Boy who inspired book says he lied

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'Boy Who Came Back From Heaven' Author Admits To Making It Up

The book "Boy Who Came Back From Heaven" is going back to the publisher.

Alex Malarkey, the then-six year old who claimed he died and briefly visited heaven, who detailed his experience in the book "Boy Who Came Back From Heaven" has admitted he made the whole thing up.

The 2010 book, written by Alex and his father Kevin, describes what Alex said he experienced after a 2004 car accident left him paralyzed and in a coma for six months. But now in an open letter published on the website Pulpit & Pen, Alex admits the story was fabricated.

He wrote, "I did not die. I did not go to heaven. I said I went to heaven because I thought it would get me attention."

The now sixteen year old adds he made the claims prior to reading the Bible, and that he doesn't want to continue profiting from lies like so many others.

His father, Kevin, has not yet commented on his son's announcement, but his mother, Beth, blogged a few months ago that she was troubled by the book.

"It is both puzzling and painful to watch the book 'Boy Who Came Back From Heaven' not only continue to sell, but to continue, for the most part, to not be questioned. [...] Alex's name and identity are being used against his wishes.... How can this be going on? Great question.... How did it get this far?... Another great question."

According to the Washington Post, Tyndale House, the publisher of the book, announced they will immediately stop selling the book. While the book will be taken off shelves, other similar books continue to sell. Books like "90 Minutes In Heaven" and "Heaven Is For Real" are bestselling Christian books, though they are highly criticized within the Christian community.

At the very least Alex Malarkey's story was just that... malarkey.

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Boy who inspired book says he lied

Dr. Raymond Onders, Director of Minimally Invasive Surgery at University Hospital's Case Western Reserve Medical Center, leans over to show Alex Malarkey, 10, of Bellefontaine the size of the artificial breathing unit he will be able to use instead of the 200 lbs. of equipment he has to carry with him now January 8, 2009 with his mother Beth (R) at Rainbow Babies and Children's Hospital. Alex will undergo the surgery Friday morning at UH, making him the youngest child in the world to have it. This surgery has allowed adult quadriplegics to sail solo and skydive. 

Photo Credit: John Kuntz, The Plain Dealer/Landov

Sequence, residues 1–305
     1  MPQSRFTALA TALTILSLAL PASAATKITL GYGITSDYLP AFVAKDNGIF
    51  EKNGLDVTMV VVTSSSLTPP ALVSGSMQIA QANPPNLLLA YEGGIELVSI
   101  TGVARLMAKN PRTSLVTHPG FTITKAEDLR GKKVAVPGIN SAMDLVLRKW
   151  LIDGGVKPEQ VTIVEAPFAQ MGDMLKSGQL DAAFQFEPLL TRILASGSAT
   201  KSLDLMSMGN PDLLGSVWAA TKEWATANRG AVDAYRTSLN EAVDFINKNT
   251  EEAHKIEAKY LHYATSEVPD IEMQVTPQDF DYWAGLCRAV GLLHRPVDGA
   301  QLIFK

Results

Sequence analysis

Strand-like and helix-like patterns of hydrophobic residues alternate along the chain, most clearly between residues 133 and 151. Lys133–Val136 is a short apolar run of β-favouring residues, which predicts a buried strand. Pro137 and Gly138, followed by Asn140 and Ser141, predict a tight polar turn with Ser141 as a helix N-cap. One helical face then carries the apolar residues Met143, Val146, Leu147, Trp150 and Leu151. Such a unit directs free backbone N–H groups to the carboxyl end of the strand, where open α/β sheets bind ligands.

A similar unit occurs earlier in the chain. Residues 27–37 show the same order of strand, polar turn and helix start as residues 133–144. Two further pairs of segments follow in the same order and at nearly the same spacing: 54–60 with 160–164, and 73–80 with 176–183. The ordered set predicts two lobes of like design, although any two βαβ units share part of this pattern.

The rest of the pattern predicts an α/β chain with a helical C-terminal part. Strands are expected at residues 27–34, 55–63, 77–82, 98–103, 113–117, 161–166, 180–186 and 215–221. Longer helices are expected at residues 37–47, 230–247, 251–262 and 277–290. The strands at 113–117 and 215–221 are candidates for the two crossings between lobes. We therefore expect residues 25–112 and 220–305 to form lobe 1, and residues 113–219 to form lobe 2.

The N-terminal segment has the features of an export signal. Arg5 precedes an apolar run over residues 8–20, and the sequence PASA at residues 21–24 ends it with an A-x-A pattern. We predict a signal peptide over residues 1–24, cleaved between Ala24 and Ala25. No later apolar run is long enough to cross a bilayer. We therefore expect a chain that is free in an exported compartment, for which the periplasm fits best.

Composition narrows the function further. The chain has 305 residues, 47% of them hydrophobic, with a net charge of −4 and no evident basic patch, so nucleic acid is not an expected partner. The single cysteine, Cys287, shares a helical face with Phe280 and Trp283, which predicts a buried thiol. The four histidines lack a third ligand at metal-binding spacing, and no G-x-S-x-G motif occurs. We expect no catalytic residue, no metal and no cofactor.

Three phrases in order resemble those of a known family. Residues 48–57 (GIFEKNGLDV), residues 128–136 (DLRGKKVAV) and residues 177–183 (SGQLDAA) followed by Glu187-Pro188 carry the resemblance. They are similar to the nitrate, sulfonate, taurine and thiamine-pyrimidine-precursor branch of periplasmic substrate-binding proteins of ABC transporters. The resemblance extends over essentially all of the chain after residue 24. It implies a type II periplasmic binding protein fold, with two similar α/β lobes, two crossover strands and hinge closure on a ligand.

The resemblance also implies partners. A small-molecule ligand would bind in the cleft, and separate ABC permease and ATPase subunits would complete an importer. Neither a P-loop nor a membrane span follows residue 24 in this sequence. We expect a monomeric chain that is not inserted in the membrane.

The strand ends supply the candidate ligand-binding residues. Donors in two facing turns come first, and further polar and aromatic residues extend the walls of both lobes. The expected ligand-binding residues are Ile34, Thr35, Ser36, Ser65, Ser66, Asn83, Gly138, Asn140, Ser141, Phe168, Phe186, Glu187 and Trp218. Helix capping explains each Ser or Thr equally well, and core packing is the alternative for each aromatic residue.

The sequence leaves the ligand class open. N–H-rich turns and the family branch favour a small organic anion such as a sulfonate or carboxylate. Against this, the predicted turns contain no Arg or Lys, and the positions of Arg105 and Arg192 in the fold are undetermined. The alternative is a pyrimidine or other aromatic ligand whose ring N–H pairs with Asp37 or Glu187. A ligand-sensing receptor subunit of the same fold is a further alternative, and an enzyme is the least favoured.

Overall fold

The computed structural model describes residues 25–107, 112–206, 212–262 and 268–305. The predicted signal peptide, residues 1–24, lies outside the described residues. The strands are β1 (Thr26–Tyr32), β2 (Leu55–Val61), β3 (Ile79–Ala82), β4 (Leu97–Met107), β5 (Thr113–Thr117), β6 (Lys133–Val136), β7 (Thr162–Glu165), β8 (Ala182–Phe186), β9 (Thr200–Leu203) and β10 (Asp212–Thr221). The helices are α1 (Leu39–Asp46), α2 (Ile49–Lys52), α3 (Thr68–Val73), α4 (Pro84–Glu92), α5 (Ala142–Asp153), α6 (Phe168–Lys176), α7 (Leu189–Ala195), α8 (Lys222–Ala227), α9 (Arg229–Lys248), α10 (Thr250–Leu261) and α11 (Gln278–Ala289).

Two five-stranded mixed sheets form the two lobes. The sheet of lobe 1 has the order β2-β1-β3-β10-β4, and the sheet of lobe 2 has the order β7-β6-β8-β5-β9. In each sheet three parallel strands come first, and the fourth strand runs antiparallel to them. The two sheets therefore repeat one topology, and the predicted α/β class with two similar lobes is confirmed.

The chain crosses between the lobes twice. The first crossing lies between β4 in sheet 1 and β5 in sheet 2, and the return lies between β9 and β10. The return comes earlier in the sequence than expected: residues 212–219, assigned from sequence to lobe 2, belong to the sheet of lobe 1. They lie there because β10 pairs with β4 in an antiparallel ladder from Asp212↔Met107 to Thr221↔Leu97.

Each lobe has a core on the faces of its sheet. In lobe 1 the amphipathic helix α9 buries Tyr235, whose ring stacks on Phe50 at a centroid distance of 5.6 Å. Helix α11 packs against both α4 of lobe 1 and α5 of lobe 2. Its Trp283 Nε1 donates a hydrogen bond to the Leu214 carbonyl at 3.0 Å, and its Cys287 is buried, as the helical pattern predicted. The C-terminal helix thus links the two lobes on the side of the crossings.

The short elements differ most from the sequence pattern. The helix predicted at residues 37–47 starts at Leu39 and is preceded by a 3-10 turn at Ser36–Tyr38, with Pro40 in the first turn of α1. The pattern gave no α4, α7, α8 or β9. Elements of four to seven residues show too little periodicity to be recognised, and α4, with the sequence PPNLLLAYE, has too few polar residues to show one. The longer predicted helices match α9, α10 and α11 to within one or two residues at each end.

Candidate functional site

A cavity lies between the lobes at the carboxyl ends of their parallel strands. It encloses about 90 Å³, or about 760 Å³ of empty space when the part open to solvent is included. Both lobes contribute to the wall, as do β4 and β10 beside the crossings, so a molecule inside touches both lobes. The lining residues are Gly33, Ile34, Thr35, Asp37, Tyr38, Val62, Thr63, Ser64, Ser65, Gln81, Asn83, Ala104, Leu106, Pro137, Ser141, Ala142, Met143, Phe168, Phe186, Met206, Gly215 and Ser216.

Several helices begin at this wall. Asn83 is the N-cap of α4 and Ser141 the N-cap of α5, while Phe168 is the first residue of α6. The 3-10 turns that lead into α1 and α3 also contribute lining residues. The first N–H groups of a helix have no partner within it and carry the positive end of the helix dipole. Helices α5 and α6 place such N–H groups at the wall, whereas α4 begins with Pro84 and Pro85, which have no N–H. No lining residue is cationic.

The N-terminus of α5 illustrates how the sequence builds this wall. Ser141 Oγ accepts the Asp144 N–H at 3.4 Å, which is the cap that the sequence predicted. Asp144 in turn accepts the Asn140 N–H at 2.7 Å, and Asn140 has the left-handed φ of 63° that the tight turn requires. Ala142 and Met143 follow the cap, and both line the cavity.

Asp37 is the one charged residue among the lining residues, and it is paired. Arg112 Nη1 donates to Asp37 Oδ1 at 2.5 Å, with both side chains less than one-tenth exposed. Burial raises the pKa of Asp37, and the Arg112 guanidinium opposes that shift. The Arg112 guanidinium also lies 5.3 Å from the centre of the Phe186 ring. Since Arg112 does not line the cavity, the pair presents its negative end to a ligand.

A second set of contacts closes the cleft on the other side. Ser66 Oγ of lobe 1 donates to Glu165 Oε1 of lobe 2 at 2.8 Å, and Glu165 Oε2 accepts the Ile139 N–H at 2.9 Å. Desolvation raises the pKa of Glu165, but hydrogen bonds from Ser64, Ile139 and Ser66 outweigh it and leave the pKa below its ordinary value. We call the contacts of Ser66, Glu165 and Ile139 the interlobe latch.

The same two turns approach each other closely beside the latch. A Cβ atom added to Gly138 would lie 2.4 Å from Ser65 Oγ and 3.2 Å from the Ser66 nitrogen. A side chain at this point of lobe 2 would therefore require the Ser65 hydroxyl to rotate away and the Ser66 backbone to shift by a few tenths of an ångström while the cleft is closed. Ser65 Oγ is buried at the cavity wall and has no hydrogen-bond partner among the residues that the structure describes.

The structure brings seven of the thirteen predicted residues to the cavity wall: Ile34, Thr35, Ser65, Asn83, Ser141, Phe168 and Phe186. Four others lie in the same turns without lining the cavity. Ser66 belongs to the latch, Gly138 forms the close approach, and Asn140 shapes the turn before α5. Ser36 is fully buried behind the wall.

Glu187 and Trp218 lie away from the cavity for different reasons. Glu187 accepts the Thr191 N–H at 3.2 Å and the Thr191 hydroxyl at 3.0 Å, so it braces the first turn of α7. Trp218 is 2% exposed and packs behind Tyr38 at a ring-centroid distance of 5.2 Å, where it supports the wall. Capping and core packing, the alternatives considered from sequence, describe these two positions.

Alex Malarkey, 10, center, beams as he and his stuffed dog, "Doggie", pack up for home after life-changing surgery at University Hospitals on Friday, January 9, 2009. On left is nurse practitioner Mary Jo Elmo. On right is Alex's mother Beth Malarkey. "Doggie", who is wearing a surgical cap, was even with Alex during his surgery. Alex, from Huntsville, Ohio, underwent spinal surgery Friday morning at UH, making him the youngest child in the world to have it type of surgery. Alex, who's spine was injured in a car accident when he was 6, can now get around (not sure for how long) without being attached to his 200-poound ventilator.

Photo Credit: Lisa Dejong, The Plain Dealer/Landov

Beth Malarkey, left, covers up her son, Alex, right, after surgery with a blanket as Alex's father, Kevin, watches at University Hospital's Case Western Reserve Medical Center Friday, Jan. 9, 2009, in Cleveland. Alex Malarkey, 10, paralyzed in a car crash became the youngest person to receive a device tested by the late "Superman" actor Christopher Reeve that allows patients to breathe without a ventilator. (AP Photo/Tony Dejak)
Beth and Kevin Malarkey, left to right, talk with their son Alex after surgery at University Hospital's Case Western Reserve Medical Center Friday, Jan. 9, 2009, in Cleveland. Alex Malarkey, 10, paralyzed in a car crash became the youngest person to receive a device tested by the late "Superman" actor Christopher Reeve that allows patients to breathe without a ventilator. (AP Photo/Tony Dejak)
Photo of the diaphragm pacing system that Alex Malarkey will use instead of a ventilator, is displayed on Friday, Jan. 9, 2009, in Cleveland. Malarkey, 10, paralyzed in a car crash became the youngest person to receive a device tested by the late "Superman" actor Christopher Reeve that allows patients to breathe without a ventilator. (AP Photo/Tony Dejak)
Boy Says He Didn't Go To Heaven; Publisher Says It Will Pull Book #AlexMalarkey #book http://t.co/vLUFoLiAQ7 http://t.co/XukNXDuSxx
Boy recants claims in his best-selling book: 'I did not die. I did not go to heaven' http://t.co/qemvGGUeBo http://t.co/avJnowLGAF
'The boy who came back from heaven' Alex Malarkey says best-selling book is false. http://t.co/SmL3Qj2YH0 http://t.co/2DJOwZzoDR
Umm. Alex. ... Alex. Let's try going over this one more time. http://t.co/I9p0YAfCpB http://t.co/Fr7zlbIKuR
A kid named Alex Malarkey who said he died and went to heaven admits his story was a bunch of malarkey http://t.co/QbhBEmQdte
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